Business strategy - Google broke its Glasses to save its future

Where are the Google Glass? Google Glass was supposed to be a must-have for consumers everywhere, setting the standard for wearable technology for years to come. From real-time navigation, video capabilities, extreme sport assistant, to foreign language translations, it had a plethora of interesting features that were meant to seamlessly integrate into daily life. Combine this with a wearable technology market ripe for the picking with an estimated $30 Billion up for grabs by 2018, and you have a recipe for success. Google was hoping to capitalize on its first-movers advantage, projecting as many as 21 million units in annual sales by 2018 which translates to roughly $10 Billion in annual revenue. But none of that happened. The Google Glass as we know it is officially dead, killed by Google in 2015.
Despite the concerns regarding battery life, software bugs, and lack of viable use cases, Google Glass wasn’t killed because of its technology. The real reason relies on google business strategy. The glasses business model was maybe unsure but Google killed the Google Glass because it was negatively impacting its major source of revenue: advertising. Mobile and PC search ads market share for google is estimated at approximately 67% of the firm’s value based on their Q1 2015 financials.
For a company driven substantially by advertising, maintaining a positive image is crucial.
Google Glass raised privacy concerns. Certain bars, casinos, movie theaters, and other establishments actually banned the use of Google Glass due to the violation of the privacy. The fact that the users, labeled “Glassholes”, had the ability to record videos and audio and utilize face recognition applications without the knowledge or consent of others made the general public uncomfortable. It caused people to revolt against Google labeling the company with ‘big brother’ type figure, eliminating any sense of privacy. The bad publicity would have impact the brand and its products such as gmail and maps. Therefor Google decided to cut the cord and kill Google Glass before it could negatively impact their image further and potentially lead to decreased advertising revenue.
What Google didn’t know at the time, is that by killing the consumer edition of Google Glass they actually uncovered an even greater opportunity.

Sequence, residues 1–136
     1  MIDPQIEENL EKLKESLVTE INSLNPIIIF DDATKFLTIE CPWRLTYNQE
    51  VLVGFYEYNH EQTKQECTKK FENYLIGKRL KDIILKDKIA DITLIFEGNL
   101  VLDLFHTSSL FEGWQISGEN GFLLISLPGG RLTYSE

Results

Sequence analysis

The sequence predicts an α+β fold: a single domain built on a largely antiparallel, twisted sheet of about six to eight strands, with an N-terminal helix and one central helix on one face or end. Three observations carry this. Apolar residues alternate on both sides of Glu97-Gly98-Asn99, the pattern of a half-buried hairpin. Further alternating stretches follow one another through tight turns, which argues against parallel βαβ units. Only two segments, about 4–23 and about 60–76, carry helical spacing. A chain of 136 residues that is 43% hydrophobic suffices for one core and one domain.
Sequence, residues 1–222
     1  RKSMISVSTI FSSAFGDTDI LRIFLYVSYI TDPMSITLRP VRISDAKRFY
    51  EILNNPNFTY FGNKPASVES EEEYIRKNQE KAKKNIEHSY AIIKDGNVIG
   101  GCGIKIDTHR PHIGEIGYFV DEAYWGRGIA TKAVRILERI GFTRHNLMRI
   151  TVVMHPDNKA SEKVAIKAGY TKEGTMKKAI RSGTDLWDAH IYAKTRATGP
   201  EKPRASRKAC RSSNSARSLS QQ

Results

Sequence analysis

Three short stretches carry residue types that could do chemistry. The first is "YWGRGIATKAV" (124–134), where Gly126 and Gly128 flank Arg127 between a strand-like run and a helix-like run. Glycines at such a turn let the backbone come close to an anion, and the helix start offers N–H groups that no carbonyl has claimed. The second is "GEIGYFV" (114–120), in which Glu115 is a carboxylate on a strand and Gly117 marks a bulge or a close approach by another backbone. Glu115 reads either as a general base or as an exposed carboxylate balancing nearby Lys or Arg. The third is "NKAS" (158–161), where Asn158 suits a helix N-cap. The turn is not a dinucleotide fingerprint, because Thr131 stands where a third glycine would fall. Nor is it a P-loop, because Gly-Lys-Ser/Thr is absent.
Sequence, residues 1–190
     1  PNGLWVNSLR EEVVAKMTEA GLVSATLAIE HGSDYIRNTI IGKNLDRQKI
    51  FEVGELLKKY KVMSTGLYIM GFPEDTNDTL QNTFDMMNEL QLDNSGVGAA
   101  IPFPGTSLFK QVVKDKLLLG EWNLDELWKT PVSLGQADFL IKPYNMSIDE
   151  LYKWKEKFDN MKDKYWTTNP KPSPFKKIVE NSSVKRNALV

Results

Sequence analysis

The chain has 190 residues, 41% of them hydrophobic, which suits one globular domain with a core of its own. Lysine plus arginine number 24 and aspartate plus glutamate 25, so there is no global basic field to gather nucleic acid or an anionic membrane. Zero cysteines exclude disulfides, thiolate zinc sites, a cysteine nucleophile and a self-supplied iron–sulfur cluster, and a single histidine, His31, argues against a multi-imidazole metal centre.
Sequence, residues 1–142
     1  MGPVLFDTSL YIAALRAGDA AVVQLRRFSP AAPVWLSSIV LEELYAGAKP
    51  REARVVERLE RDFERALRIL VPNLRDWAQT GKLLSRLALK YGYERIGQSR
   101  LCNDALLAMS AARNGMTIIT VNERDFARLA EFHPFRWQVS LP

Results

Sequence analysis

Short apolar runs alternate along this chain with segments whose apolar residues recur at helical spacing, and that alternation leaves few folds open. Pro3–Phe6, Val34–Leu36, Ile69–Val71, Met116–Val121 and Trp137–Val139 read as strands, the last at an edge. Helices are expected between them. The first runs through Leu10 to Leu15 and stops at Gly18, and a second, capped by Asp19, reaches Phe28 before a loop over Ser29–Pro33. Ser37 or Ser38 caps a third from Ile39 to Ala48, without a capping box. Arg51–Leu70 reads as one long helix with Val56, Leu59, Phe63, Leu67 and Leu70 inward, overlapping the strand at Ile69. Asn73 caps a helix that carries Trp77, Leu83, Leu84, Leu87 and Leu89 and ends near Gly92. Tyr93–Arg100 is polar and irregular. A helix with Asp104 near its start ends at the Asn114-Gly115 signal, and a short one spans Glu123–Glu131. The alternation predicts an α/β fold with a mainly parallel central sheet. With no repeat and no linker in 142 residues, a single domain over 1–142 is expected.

Although it was unplanned, Google executed a perfect market strategy to drive the demand for Google Glass.

Originally, Google used a ‘push’ model by trying to open a new market with a device filled with cool features, but not fulfilling any immediate known need onto consumers. Once the sales of Google Glass were discontinued, many companies were able to identify challenges where Google Glass could potentially be the perfect solution.
This newfound demand created a ‘pull’ model where organizations were eager to utilize Google Glass’s technology to create a solution specific to them.
Healthcare, first responders, and manufacturing companies especially have found real use-cases for the Google Glass. Thus Google Glass Enterprise Edition was born. Google has been working closely with its ‘Glass for Work’ partners who have been authorized by Google to build enterprise solutions for Google Glass. The new model features longer battery life as well as a more durable frame in response to some of the concerns of the previous version. Many believe that Google Glass Enterprise Edition could be Google’s unifier, finally integrating all of Google’s offerings.
The current pressure increased on the job market seems to indicate a move closer than expected. Google is growing the Aura project team while Apple seems building its own glass team. Although it is still too early to tell how successful Google Glass Enterprise Edition will be, as of now it seems like the original death of Google Glass may have actually saved it in the end.

Think encore !

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Patricia Howell said…

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Thank you Patricia for your nice comment.



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